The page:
Death and the Maiden is Next Up in the Houston Equity Festival

Individual tragedy weighed against the greater good.
Individual tragedy weighed against the greater good. Poster art
On his way home from work, a lawyer named Gerardo Escobar has his car break down. A stranger, calling himself Dr. Miranda, happens by and helps him, driving him to his home.

When Miranda returns later that day, Escobar's wife, Paulina, hears his voice and believes he is the leader of a group of men who raped her while she was a political prisoner. She takes him captive and wants a confession, but her husband is not as sure as she is of Miranda's guilt. And takes up his defense.

Death and the Maiden (1990), written by Argentine-Chilean,American playwright Ariel Dorfman, is set in Chile, but as producer and actor Jeff Wax says, it could be a story told in any regime of oppressive government where individual liberties are set aside and horrible wrongs done to people on the other side from power.

The play — about to be presented as part of the Houston Equity Festival at Studio 101 of Spring Street Studios — is placed in a time of transition when a new, more open government has come in. That government is trying to balance moving forward with the unaddressed sins of the prior regime.

"It's the conflict of when a new government is trying to solve a problem but it doesn’t have enough ammunition," Wax says. "[Paulina] gets this opportunity that she never thought would happen. What happened destroyed her life. She was a woman who was going to be a doctor. And she was in medical school when she was abducted. She could never extricate herself from the demons from all of the trauma."

Wax, who plays the lawyer, is joined in the cast with Julitta Pourciau as Paulina and Sam Martinex as Dr. Roberto Miranda. He says he has always gravitated toward plays focusing on human rights violations, social injustice and those of social and political importance - the ones that ask weighty questions that may or may not be answered.

"In the play itself, Dorfman talks about his own life growing up in Chile and he was exiled and left Chile and came to the United States," Wax says. "He said that 'it wasn't until Chile returned to democracy in 1990 and I myself therefore returned to resettle there with my family after 17 years of exile that I finally understood how the story had to be told. My government was at the time and still is now as I write this living an uneasy transition to democracy with [General and former Chilean dictator Augusto] Pinochet no longer the president but still in command of the armed forces, still able to threaten another coup if people became unruly or more specifically if attempts were made to punish the human rights violations of the outgoing regime. '"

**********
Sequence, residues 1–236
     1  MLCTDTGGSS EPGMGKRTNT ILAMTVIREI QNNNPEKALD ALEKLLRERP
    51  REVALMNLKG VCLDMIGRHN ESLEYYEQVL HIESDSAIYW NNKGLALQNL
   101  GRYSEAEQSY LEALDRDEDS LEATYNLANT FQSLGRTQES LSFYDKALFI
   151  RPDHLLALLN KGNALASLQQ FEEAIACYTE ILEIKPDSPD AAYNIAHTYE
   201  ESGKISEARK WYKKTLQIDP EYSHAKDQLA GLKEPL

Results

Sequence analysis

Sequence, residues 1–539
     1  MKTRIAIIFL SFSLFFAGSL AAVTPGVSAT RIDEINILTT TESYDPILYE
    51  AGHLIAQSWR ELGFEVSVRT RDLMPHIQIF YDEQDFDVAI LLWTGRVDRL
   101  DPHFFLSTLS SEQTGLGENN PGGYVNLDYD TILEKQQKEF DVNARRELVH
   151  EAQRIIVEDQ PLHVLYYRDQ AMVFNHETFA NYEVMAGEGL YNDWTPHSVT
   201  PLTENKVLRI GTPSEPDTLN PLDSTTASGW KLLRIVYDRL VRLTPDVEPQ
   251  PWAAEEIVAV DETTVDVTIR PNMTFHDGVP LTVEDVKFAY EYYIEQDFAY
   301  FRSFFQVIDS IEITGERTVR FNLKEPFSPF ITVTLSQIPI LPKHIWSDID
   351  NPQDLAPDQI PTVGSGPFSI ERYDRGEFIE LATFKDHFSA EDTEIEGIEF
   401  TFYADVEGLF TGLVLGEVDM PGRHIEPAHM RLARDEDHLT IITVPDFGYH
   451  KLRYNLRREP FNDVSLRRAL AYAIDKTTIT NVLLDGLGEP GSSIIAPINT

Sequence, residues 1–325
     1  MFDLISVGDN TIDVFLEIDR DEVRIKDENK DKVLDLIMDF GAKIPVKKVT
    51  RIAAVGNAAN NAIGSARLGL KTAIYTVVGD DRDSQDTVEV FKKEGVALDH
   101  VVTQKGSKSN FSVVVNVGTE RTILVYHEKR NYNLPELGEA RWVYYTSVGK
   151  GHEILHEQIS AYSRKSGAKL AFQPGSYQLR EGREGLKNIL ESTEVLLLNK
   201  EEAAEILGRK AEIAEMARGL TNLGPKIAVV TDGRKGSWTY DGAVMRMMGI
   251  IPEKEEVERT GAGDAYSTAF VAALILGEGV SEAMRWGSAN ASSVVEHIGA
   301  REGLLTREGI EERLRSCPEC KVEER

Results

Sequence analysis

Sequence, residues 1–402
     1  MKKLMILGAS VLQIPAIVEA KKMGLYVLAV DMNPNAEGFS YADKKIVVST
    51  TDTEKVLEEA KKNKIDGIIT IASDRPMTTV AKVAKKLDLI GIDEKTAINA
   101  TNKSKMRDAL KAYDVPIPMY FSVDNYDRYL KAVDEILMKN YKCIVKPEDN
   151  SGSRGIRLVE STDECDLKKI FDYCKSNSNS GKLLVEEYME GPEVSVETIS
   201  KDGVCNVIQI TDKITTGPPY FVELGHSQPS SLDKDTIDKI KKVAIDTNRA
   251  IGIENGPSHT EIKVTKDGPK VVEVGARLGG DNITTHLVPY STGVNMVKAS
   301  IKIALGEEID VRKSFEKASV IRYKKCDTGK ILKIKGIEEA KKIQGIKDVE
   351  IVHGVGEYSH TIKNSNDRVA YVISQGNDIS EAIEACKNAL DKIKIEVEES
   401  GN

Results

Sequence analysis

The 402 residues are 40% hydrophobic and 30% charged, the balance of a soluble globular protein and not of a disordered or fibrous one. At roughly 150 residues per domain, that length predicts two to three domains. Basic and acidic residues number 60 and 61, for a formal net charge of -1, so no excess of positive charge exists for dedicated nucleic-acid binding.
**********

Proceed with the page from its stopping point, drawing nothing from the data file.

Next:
Asked who should see this play, Wax says probably not the youngest children but otherwise anyone who wants to look at their community and the world.

"We all want to live in a country where we have freedom and we don't have to fear persecution. But when the center of power decides that some of us are dangerous or that we have information, they'll do anything at all costs to extract that information from us," Wax says.

"This could be all of us one day. All of us we feel like our lives are safe and then one day we could be arrested, we could be tortured, we could be accused of something we didn’t do. We could fall into the clutches of another country and lose what freedoms we have now. Anything is possible. So do you want to wait until that happens or what would you do if you found yourself in that situation?."

Performances are scheduled for August 23 through September 1 at 7 p.m. Monday, Thursdays, Fridays and Saturday and 1 p.m. Saturday and Sunday at Studio 101 at Spring Street Studios, 1824 Sprint Street. For tickets go to $20.
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Margaret Downing is the editor-in-chief who oversees the Houston Press newsroom and its online publication. She frequently writes on a wide range of subjects.
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